Realization process, in a sense, means any deducible procedure that we use to rationalize and solve problems. In mathematics, especially for existence questions, a realization process often appears in the form of an iterative procedure or a differential equation. For years researchers have taken great effort to describe, analyze, and modify realization processes. Nowadays the success is especially evident in discrete numerical algorithms. On the other hand, the use of differential equations to issues in computation has been found recently to afford fundamental insights into the structure and behavior of existing discrete methods and, sometimes, to suggest new and improved numerical methods. In some cases, there are remarkable connections between smooth flows and discrete numerical algorithms. In other cases, the flow approach seems advantageous in tackling very difficult problems.
These notes, summarizing my limited understanding and ongoing research on the subject of continuous realization methods, were prepared for lecture presentations at the Academia Sinica in Taiwan, the Australian National University in Canberra, and various other universities during my sabbatical leave in 1996.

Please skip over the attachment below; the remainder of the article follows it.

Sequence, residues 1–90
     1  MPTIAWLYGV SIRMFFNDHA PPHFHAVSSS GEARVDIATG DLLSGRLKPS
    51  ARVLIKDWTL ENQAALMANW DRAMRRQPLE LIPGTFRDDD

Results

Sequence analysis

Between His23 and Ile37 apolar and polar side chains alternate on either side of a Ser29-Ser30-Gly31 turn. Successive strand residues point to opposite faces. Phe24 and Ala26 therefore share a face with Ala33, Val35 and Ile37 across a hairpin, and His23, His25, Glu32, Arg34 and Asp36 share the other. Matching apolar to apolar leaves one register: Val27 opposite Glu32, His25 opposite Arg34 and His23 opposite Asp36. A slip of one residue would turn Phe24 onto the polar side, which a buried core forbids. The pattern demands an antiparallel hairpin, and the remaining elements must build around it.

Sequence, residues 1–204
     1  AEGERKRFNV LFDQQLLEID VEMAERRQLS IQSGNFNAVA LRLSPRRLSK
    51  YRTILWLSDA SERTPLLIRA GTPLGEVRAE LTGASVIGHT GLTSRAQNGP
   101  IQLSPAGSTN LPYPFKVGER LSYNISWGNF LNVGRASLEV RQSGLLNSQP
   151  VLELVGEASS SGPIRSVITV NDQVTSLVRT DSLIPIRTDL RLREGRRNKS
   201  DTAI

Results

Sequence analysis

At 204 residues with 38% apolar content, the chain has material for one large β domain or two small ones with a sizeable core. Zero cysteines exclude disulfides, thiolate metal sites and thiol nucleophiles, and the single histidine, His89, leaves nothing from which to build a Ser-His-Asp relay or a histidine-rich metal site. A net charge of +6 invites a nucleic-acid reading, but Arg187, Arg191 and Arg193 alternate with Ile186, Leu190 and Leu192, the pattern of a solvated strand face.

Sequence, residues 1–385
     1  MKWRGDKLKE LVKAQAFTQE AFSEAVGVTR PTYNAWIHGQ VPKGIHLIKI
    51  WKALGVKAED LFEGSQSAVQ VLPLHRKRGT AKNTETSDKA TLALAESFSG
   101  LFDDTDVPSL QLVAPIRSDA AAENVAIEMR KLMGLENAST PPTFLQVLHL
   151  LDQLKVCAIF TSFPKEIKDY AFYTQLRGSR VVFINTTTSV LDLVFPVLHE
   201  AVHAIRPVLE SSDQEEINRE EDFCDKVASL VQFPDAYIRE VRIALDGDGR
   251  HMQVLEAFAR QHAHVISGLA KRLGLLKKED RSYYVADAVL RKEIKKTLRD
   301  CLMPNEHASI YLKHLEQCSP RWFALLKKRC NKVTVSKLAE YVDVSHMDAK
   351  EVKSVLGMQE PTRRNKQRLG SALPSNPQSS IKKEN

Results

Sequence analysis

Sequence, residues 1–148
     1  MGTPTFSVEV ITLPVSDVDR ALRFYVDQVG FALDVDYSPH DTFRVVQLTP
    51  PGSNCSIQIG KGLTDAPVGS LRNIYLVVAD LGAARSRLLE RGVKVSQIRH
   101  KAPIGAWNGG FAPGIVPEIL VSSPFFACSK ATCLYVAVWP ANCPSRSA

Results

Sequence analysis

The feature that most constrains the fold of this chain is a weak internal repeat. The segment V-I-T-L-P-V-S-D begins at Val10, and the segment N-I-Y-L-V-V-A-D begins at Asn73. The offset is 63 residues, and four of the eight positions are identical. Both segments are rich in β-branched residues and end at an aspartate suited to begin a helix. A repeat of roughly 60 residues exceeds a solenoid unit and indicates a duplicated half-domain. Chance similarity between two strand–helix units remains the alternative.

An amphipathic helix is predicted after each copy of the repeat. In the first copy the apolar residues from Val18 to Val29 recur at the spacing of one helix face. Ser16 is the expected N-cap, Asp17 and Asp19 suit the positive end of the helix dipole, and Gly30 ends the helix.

In this expository series the emphasis is on using differential equation techniques as a special continuous realization process for problems arising from the field of linear algebra. The matrix differential equations are cast in fairly general frameworks of which special cases have been found to be closely related to important numerical algorithms. The main thrust is to study the dynamics of various isospectral flows. This approach has potential applications ranging from new development of numerical algorithms, including VLSI implementation, to theoretical solution of open problems. Various aspects of the recent development and application in this direction will be discussed in the sequel.
Partial support from the National Science Foundation, under the grant DMS-9422280, the North Carolina State University, the Academia Sinica, and the Australian National University are greatly appreciated.